Tuesday, 10 April 2012

Theatre review: Mercury Fur

The Philip Ridley-fest continues with a revival of Mercury Fur at the Old Red Lion. The country is in chaos, the young people caught up in world of riots, looting and indiscriminate violence. While the poor underclass turn on themselves, bankers seem to remain a wealthy elite, untouched by the anarchy and holding a certain amount of control over it through their money. The pre-publicity for this show quite gleefully dug up the original reviews from the play's 2005 debut, dismissing it as far-fetched; and compared them to news images from last August. This being Ridley though there's a fantastical touch to his apocalyptic dystopia: Some time in the past, a freak storm rained sand and brought with it numerous new species of butterfly. When eaten, the butterflies have a narcotic effect, creating hyper-realistic hallucinations, usually of a violent nature. Addicted to their effect, people start to seek it out in reality as well.

Elliot (Ciarán Owens) is the "butterfly man," who deals the new drug from his ice cream van but doesn't take it himself. His younger brother Darren (Frank C. Keogh) however is addled by the stuff. At the start of the play we meet the siblings as they break into an already-destroyed flat, to prepare it for a party later in the day. When the Party Piece (Ronak Raj) is introduced, a dazed abducted schoolboy who's been kept in a cupboard for a few days, the picture starts to form of exactly what kind of party this might be.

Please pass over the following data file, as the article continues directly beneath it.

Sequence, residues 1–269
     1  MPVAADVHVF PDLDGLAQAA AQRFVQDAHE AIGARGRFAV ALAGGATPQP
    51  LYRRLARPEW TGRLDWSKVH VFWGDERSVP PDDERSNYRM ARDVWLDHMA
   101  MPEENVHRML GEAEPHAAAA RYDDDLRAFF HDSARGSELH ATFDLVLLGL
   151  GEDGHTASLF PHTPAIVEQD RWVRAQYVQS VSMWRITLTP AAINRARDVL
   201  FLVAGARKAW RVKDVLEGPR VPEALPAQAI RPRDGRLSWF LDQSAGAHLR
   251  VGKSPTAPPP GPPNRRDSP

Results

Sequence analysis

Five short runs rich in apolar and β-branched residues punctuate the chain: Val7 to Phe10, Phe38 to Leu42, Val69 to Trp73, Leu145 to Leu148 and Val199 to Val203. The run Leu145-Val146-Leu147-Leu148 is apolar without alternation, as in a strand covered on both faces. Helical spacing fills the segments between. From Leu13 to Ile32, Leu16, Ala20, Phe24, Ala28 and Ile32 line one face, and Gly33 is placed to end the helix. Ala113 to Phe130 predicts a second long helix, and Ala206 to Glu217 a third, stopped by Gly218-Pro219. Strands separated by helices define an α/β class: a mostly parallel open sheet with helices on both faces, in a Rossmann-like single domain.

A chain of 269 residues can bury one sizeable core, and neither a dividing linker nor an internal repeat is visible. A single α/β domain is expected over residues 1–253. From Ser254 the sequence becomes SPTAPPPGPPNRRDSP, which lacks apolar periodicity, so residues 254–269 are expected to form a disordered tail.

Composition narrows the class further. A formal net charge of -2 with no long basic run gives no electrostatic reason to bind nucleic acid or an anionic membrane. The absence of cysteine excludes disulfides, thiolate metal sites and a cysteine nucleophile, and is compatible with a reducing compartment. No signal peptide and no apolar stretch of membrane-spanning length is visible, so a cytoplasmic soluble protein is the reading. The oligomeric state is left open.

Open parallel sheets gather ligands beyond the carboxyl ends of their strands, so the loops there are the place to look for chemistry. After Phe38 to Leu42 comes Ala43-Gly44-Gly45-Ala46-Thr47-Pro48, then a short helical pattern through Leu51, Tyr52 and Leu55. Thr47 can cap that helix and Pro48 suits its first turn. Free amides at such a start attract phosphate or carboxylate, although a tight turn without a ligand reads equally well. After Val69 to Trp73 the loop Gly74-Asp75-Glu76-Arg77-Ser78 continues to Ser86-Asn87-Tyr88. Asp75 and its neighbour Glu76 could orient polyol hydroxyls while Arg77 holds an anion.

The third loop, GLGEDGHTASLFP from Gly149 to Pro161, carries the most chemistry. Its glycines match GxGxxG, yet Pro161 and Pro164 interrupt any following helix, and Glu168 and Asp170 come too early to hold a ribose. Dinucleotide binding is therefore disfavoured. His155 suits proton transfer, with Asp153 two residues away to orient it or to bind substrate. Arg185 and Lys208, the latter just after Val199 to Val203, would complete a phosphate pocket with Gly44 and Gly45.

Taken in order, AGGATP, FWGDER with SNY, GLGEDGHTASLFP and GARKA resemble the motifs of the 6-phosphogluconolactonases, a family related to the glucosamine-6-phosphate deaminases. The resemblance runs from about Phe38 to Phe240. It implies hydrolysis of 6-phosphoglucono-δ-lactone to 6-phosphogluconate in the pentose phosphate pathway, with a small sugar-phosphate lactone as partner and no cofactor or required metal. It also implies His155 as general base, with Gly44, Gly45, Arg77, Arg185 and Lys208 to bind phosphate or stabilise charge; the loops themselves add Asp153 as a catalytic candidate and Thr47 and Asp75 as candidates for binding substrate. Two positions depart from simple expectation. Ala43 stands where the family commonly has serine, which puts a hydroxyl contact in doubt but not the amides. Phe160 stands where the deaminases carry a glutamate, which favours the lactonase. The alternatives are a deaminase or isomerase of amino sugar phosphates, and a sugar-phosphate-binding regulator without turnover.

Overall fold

A downside of the sheer volume of Ridley plays in London at the moment is that the author's favourite recurring memes become very obvious when they crop up again, and you could almost tick off a checklist: As well as the insect-eating there's injured legs, ritual storytelling, and descriptions of both sex and love couched in ultra-violent language. Still, the familiar themes don't ultimately detract from the intensity of the play in Ned Bennett's gory production.

Elliot and Darren form an interesting pair with a believable dynamic, and as the play goes on it gradually populates itself with new characters, all just as well-acted. There's Elliot's girlfriend, the gender-ambiguous Lola (James Fynan,) and her brother Spinx (Ben Dilloway,) the gangster behind these parties. A Sound of Music theme that pervades the play finds its apotheosis in the blind, epileptic Duchess (Katie Scarfe,) and near the end we eventually meet the Party Guest (Henry Lewis,) in many ways part of a very different world than the other characters inhabit. But most memorable, and the beating heart of what might seem on the surface a brutal play, is the frail but always hopeful butterfly addict Naz, Olly Alexander marking himself out again as one to watch.

If some of Ridley's themes are familiar they reach a crescendo of sorts in Mercury Fur, and if it's the playwright's most nightmarish work that makes it even more impressive that another of his trademarks also remains intact, and there's some small sense of redemption to be found in this bleak world. It's not my favourite of the playwright's works, but it's still definitely recommended.

Mercury Fur by Philip Ridley is booking until the 14th of April at the Old Red Lion Theatre.

Running time: 2 hours 30 minutes including interval.

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